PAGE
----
Targeting Cancer With Tyrosine Kinase Inhibition in Frontline HCC
During a live virtual event, Richard S. Finn, MD, discussed the process of diagnosing liver cancer after a CT scan detected tumors and whether a biopsy was needed.
A 77-year-old White woman was complaining of abdominal pain and fatigue. She had a history of cirrhosis due to heavy alcohol use, Crohn disease controlled with infliximab, and a history of variceal bleeding, with banding 2 months prior and an ECOG performance score of 1. A CT scan of the chest, abdomen, and pelvis with triphasic liver evaluation showed a 4.5-cm LR5 hepatic mass in the right lobe plus metastatic disease in the lung. Her Child-Pugh score was an A with an α-Fetoprotein (AFP) tumor level of 380 ng/mL.
RICHARD S. FINN, MD: This patient has cirrhosis and on the CT scan [has a tumor of] 4.5 cm and a LI-RADS [Liver Imaging Reporting and Data System] score of 5 [LR5]. When we see LR5 it means the patient almost definitely has liver cancer and a biopsy is not required. LI-RADS is like Breast Imaging Reporting and Data System [BI-RADS] in mammography. It is how the radiologist assesses the likelihood of something being liver cancer and only applies to patients who have cirrhosis.
If someone does not have cirrhosis, you can’t apply the LI-RADS criteria. On a triple-phase scan, a hypervascular tumor with delayed washout is characteristic of LR5 and you do not technically need a biopsy for management. The AFP of 380 ng/mL is suggestive, but AFP is not among the criteria for making this diagnosis. I would say that this patient does not require a biopsy for standard-of-care treatment.
MARK KARWAL, MD: I would like to add [that] if you look at the data, sensitivity and specificity do not change with adding a biopsy, but you add risk. The biopsy is going to show you a normal liver if they miss, but if it comes as [HCC], it tells you what you already know. You do not gain in sensitivity or specificity in this case by adding a biopsy and it should not be done because you do not add to the data.
FINN: I guess the only reason to do a biopsy would be perhaps in the context of research or some molecular understanding of the tumor, which really does not impact standard-of-care treatment.
ARATI CHAND, MD: What if the AFP were in the thousands—would you still do a biopsy?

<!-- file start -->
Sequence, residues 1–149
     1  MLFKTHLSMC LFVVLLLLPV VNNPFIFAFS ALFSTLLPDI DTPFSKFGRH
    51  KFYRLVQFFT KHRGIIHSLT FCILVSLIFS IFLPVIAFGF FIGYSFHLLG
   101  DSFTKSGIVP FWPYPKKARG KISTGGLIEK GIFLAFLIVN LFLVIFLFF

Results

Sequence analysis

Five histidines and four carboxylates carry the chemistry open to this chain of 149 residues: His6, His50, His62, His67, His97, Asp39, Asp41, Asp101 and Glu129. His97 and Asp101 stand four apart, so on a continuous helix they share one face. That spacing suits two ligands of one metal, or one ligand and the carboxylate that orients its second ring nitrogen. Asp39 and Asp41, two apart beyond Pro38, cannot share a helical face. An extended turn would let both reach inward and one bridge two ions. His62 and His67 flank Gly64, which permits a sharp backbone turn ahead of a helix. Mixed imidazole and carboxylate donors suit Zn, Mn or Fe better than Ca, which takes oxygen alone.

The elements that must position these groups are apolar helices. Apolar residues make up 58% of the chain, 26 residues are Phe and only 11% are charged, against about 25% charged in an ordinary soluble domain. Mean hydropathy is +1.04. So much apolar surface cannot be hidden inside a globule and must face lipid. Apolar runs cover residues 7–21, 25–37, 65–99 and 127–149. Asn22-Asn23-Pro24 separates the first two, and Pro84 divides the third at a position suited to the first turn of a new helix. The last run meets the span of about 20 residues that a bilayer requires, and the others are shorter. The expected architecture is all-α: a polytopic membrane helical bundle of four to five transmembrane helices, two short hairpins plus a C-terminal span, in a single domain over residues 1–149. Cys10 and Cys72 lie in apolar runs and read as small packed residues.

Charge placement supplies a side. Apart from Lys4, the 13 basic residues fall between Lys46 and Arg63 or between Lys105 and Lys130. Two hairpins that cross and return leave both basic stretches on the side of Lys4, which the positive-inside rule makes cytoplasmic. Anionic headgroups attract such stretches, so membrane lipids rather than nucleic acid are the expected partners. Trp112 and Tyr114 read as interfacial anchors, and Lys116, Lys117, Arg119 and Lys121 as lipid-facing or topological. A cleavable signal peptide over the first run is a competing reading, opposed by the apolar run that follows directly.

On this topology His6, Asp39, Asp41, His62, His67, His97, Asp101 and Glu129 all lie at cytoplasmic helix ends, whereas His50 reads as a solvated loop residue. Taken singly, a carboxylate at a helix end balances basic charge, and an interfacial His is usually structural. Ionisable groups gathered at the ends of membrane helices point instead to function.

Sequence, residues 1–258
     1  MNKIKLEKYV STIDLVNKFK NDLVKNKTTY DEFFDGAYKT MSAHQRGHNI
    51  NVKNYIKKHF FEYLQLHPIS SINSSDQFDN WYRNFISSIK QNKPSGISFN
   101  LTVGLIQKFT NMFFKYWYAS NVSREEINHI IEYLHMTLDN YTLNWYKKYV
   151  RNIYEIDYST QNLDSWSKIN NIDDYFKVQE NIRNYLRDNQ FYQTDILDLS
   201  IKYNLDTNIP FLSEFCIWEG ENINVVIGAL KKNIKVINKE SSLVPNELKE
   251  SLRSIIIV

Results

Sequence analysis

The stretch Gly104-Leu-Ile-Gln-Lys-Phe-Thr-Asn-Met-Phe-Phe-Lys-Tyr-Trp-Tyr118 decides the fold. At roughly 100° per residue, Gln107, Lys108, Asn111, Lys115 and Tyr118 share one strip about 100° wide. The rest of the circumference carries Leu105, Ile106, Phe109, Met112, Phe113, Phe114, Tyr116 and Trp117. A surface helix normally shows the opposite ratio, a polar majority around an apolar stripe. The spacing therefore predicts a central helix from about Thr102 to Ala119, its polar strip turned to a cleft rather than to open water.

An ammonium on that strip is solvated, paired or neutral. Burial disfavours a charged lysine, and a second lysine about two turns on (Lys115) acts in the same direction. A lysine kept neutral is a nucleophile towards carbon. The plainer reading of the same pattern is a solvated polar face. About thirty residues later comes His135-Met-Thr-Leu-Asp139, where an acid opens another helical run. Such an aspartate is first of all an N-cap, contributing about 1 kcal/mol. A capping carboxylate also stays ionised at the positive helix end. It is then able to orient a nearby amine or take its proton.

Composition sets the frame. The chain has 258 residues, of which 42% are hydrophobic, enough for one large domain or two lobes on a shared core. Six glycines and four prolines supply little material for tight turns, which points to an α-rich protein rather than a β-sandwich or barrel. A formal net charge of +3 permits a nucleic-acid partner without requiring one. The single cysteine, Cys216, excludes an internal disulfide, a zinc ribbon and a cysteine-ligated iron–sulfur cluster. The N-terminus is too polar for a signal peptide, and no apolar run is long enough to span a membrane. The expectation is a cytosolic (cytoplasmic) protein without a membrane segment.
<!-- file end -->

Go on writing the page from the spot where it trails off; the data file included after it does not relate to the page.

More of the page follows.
FINN: No…because [the tumor] is LR5.
FINN: If the patient was not cirrhotic, and even with an elevated AFP level, I think you are obligated to do a biopsy. I think very likely it could be liver cancer, but I had a case recently of a patient in his 40s who had cirrhosis and came down for a second opinion and had already been started on treatment for his advanced liver cancer.
They had biopsied him there and said it was liver cancer, but I would not have necessarily done the biopsy based on the imaging. However, he already had a biopsy when he came to see the surgeon, who had our pathologist at the [University of California, Los Angeles] review it and they said it is not exactly consistent with HCC.
When we looked back at the outside imaging, it was not completely vascular and a repeat biopsy was recommended. [The patient’s] AFP was 15,000 to 30,000 and it turns out he had a germ cell tumor. Lucky for him, he got BEP [bleomycin (Blenoxane), etoposide (Toposar), and cisplatin (Platinol)], had a great response, and is going for curative resection.
KARWAL: Did the biopsy show cirrhosis?
FINN: He did have some cirrhotic changes. He had hepatitis C and a little portal hypertension. He did not have a normal biopsy; he just had a biopsy of his tumor.
KARWAL: Didn’t the background liver test results include that?
FINN: There was no background. It was an 18-cm mass. A very bizarre case, especially for a patient with an LR4 lesion; regardless of the AFP, they most likely have liver cancer. In practice, I do not think we would do a biopsy, to be honest. Keep in mind, if you are thinking of liver transplants, at least get another opinion. This disease is best managed at a tertiary center. To get a liver transplant, you need an LR5 lesion. If it is LR4, which is potentially curable, usually we do not ablate them until they become LR5 if we are thinking curative transplant. In practice, in a patient who is cirrhotic, even if it is LR4, it is most likely liver cancer.
You must ask yourself what you are going to find that is a better diagnosis. Is there any evidence of disease elsewhere? Cholangiocarcinoma does not typically have vascular characteristics like liver cancer. This is still most likely going to be liver cancer.